The Poonga-Poonga men’s laughter died down, and they regarded the spectacle with glittering eyes and gluttonous expressions. The Tahitians, on the other hand, were shocked, and Adamu Adam was shaking his head slowly and grunting forth his disgust. Joan was angry. Her face was white, but in each cheek was a vivid spray of red. Disgust had been displaced by wrath, and her mood was clearly vengeful.
“It’s nothing to be angry over,” he said. “You mustn’t forget that he hacked off Kwaque’s head, and that he ate one of his own comrades that ran away with him. Besides, he was born to it. He has but been eaten out of the same trough from which he himself has eaten.”
Joan looked at him with lips that trembled on the verge of speech.
“And don’t forget,” Sheldon added, “that he is the son of a chief, and that as sure as fate his Port Adams tribesmen will take a white man’s head in payment.”
“It is all so ghastly ridiculous,” Joan finally said.
“And—er—romantic,” he suggested slyly.
She did not answer, and turned away; but Sheldon knew that the shaft had gone home.
“That fella boy he sick, belly belong him walk about,” Binu Charley said, pointing to the Poonga-Poonga man whose shoulder had been scratched by the arrow an hour before.
The boy was sitting down and groaning, his arms clasping his bent knees, his head drooped forward and rolling painfully back and forth. For fear of poison, Sheldon had immediately scarified the wound and injected permanganate of potash; but in spite of the precaution the shoulder was swelling rapidly.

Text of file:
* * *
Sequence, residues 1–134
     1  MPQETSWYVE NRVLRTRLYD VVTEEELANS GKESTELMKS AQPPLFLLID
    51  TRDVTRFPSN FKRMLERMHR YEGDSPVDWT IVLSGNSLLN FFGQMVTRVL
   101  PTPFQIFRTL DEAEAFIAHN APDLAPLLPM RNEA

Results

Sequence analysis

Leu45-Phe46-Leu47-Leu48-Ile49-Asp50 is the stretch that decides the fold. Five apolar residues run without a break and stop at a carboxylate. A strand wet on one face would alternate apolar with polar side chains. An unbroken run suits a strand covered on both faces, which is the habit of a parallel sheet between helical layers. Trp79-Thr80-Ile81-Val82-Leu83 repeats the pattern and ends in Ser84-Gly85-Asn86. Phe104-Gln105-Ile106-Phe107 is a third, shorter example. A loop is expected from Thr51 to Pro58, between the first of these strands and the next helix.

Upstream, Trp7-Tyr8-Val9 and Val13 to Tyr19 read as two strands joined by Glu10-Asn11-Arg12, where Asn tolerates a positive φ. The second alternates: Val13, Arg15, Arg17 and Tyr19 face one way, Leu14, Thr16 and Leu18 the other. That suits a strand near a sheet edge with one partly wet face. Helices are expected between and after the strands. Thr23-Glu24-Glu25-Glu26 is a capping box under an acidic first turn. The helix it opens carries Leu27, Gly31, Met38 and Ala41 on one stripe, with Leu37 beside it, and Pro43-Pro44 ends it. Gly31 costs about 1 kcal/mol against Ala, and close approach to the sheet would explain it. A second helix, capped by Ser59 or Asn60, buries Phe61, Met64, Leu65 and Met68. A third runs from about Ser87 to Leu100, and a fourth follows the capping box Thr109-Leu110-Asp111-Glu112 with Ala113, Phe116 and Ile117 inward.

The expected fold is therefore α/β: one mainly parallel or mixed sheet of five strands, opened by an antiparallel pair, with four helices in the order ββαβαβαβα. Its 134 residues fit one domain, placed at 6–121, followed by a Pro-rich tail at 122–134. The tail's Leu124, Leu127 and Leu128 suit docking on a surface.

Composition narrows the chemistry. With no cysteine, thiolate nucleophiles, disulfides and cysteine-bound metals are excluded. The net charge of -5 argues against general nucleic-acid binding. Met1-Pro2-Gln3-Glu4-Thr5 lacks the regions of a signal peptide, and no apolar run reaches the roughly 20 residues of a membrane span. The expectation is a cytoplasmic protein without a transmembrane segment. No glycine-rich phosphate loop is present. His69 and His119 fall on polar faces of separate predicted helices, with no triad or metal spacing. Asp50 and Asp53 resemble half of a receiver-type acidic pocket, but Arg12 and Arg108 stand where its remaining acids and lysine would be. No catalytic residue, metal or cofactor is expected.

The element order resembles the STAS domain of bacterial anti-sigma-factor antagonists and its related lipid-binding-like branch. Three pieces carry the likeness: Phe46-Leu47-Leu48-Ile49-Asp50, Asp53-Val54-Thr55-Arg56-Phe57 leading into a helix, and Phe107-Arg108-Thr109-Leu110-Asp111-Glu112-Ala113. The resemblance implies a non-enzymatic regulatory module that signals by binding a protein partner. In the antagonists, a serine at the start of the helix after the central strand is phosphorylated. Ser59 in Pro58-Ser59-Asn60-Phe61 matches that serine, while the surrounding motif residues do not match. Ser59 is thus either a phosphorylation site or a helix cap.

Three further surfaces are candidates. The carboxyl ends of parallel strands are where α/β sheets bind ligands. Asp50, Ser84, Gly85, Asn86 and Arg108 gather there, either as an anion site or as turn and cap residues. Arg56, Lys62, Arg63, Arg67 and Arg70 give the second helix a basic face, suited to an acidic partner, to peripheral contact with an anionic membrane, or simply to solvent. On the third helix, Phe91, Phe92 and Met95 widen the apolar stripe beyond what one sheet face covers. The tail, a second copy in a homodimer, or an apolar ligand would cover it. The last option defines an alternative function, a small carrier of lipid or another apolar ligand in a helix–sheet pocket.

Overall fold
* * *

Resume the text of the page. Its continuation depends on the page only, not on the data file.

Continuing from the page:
“We’ll take him on to where Tudor is lying,” Joan said. “The walking will help to keep up his circulation and scatter the poison. Adamu Adam, you take hold that boy. Maybe he will want to sleep. Shake him up. If he sleep he die.”
The advance was more rapid now, for Binu Charley placed the captive bushman in front of him and made him clear the run-way of traps. Once, at a sharp turn where a man’s shoulder would unavoidably brush against a screen of leaves, the bushman displayed great caution as he spread the leaves aside and exposed the head of a sharp-pointed spear, so set that the casual passer-by would receive at the least a nasty scratch.
“My word,” said Binu Charley, “that fella spear allee same devil-devil.”
He took the spear and was examining it when suddenly he made as if to stick it into the bushman. It was a bit of simulated playfulness, but the bushman sprang back in evident fright. Poisoned the weapon was beyond any doubt, and thereafter Binu Charley carried it threateningly at the prisoner’s back.
The sun, sinking behind a lofty western peak, brought on an early but lingering twilight, and the expedition plodded on through the evil forest—the place of mystery and fear, of death swift and silent and horrible, of brutish appetite and degraded instinct, of human life that still wallowed in the primeval slime, of savagery degenerate and abysmal. No slightest breezes blew in the gloomy silence, and the air was stale and humid and suffocating. The sweat poured unceasingly from their bodies, and in their nostrils was the heavy smell of rotting vegetation and of black earth that was a-crawl with fecund life.